DVDs are apparently the “fastest growing entertainment technology of all time,” and Cousins suggests some reasons why this technology has been embraced when the introduction of CDs took much longer. For what it’s worth, I would add to his reasons the different habits of (a) collecting and (b) repeat viewing/listening that have applied to films and albums respectively in the past.
But the interesting bit is in Cousins’ identification of two impacts of the revolution: that weekend box office figures have become an “ancillary revenue stream” rather than the be-all-and-end-all; and “the very idea of what [kind of film] is makeable changes.” “Isn’t it inevitable that filmmaking aesthetics in the future will be more widely influenced by DVD’s appetite for context and rearrangement?” he asks.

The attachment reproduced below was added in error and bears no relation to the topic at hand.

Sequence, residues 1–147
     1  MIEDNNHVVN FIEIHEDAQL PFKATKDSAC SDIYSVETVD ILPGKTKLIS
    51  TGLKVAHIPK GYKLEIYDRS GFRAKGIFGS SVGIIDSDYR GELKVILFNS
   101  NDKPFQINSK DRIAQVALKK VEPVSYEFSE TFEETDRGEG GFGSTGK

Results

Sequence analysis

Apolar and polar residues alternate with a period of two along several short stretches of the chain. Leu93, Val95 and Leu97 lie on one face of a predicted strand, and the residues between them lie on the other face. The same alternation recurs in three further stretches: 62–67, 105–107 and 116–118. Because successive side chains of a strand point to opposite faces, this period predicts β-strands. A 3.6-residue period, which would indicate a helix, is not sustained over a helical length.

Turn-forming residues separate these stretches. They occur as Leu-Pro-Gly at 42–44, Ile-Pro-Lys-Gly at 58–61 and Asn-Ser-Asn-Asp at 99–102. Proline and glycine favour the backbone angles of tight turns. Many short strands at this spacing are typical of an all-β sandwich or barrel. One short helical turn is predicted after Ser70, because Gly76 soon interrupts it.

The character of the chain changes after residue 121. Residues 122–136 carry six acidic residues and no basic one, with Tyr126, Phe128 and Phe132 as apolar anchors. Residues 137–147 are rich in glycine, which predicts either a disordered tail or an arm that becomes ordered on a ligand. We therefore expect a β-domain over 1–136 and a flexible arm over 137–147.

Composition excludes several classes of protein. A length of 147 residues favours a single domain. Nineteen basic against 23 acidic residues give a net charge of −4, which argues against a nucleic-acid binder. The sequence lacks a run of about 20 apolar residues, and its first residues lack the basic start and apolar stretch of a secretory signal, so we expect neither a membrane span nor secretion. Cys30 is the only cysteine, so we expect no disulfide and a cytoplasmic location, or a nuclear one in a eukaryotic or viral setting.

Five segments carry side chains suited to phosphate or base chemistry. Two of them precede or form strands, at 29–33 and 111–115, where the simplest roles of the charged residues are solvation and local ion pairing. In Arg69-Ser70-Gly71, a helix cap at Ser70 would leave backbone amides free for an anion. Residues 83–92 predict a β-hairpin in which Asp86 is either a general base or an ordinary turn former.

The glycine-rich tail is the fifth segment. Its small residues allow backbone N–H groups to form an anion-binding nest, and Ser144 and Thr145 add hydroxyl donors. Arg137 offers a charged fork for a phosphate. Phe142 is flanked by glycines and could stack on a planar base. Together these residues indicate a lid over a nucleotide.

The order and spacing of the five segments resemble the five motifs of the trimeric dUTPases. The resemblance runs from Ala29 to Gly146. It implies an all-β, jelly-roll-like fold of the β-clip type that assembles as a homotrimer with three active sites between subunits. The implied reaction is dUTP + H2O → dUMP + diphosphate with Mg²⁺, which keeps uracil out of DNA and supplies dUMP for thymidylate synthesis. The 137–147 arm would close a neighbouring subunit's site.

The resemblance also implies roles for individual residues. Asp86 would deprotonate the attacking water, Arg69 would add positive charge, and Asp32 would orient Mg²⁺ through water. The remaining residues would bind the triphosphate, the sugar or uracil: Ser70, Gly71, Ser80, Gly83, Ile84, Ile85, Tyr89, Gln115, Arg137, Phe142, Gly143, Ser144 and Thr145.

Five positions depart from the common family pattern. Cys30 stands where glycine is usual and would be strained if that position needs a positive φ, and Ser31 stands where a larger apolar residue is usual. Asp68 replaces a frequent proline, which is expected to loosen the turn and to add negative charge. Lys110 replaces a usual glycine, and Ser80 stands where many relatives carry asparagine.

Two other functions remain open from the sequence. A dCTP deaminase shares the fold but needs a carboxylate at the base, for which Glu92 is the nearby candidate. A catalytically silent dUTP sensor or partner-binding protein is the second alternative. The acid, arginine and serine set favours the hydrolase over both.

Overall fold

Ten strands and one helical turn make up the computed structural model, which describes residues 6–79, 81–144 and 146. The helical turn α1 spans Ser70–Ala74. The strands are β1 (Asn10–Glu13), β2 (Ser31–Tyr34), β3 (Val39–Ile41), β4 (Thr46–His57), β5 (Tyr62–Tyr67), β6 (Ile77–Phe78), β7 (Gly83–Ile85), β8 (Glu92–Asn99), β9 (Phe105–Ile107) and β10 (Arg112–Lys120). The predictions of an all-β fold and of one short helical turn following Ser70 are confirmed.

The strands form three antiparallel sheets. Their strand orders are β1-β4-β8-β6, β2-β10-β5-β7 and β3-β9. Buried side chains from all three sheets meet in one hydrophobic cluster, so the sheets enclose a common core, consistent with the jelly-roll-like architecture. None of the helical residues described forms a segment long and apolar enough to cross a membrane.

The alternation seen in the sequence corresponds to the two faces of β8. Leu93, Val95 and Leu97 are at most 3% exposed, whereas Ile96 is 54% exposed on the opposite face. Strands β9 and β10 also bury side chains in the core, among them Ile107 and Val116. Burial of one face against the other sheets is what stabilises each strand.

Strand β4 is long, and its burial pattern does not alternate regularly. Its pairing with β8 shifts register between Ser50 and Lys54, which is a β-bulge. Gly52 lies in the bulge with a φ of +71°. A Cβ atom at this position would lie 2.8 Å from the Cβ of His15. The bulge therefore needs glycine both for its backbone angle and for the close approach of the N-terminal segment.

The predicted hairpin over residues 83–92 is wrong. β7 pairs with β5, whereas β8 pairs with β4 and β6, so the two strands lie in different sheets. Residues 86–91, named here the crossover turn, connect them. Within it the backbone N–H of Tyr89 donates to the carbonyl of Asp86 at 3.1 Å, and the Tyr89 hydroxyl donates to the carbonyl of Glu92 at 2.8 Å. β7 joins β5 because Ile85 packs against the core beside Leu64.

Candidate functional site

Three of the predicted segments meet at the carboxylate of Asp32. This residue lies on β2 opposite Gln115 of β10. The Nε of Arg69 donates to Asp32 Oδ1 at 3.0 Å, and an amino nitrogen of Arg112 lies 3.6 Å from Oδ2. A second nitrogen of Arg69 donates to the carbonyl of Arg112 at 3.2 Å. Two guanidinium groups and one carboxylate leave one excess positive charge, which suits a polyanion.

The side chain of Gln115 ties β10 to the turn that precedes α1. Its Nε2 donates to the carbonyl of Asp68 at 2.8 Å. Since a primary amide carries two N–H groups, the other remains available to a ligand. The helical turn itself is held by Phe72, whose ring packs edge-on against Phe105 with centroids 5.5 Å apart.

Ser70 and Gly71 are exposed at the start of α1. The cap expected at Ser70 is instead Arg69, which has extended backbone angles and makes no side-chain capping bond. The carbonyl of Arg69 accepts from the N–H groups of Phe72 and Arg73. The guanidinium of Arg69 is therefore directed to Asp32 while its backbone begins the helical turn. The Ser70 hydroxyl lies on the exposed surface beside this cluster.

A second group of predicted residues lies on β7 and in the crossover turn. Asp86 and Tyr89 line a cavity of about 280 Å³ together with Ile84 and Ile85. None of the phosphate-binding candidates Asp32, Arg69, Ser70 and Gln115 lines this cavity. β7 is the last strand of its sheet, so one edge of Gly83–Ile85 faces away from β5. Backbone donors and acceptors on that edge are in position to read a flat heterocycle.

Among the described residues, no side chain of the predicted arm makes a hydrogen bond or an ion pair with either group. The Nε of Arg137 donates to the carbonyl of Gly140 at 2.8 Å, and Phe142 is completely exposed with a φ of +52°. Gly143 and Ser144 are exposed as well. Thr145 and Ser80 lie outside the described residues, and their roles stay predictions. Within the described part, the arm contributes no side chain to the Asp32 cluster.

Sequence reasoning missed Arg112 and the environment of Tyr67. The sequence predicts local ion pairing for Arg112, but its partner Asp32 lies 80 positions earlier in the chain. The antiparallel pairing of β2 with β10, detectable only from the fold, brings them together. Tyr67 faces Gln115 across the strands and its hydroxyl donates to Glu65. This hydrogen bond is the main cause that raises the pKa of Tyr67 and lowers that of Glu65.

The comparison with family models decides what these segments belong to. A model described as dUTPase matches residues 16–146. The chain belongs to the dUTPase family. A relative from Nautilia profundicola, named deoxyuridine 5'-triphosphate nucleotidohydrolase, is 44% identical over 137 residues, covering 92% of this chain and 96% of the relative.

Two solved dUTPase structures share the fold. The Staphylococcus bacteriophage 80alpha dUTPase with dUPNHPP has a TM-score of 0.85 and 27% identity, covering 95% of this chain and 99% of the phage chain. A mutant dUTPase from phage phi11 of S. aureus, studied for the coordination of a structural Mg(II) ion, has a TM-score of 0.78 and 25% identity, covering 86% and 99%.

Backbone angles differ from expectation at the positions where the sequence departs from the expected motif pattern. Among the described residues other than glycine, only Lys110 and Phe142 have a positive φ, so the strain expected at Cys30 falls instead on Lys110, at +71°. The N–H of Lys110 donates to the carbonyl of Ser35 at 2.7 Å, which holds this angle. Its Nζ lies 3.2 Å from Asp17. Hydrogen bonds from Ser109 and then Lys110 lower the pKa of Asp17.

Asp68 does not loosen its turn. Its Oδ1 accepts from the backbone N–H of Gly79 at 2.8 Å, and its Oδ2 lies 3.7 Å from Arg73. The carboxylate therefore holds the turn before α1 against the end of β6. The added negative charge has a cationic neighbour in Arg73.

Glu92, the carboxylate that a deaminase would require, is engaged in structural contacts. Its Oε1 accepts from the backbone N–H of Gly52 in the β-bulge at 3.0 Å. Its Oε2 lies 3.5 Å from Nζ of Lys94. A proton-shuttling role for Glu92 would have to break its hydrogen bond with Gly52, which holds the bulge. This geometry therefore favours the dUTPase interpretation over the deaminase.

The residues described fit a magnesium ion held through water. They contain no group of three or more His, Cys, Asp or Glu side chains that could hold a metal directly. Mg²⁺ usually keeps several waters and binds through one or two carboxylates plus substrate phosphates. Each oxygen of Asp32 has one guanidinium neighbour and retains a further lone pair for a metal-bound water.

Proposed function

Cousins’ vision of a new market regime has films being made for audiences with greater regard for contextual information, elements designed to be discovered only on repeat viewing, more opportunities for alternative viewings, and an emphasis on long shelf-life rather than immediate gratification. It sound’s like a cinephile’s — or should that be movie-geek’s — utopia.
As such, it’s possibly unlikely to happen on a grand, mainstream scale. The appetite of the film industry media for short-term excitement and ‘this month’s thing’ will not disappear overnight. But if Cousins’ vision opens up new financial models to support a sub-set of non-mainstream films, that would be welcome in itself.
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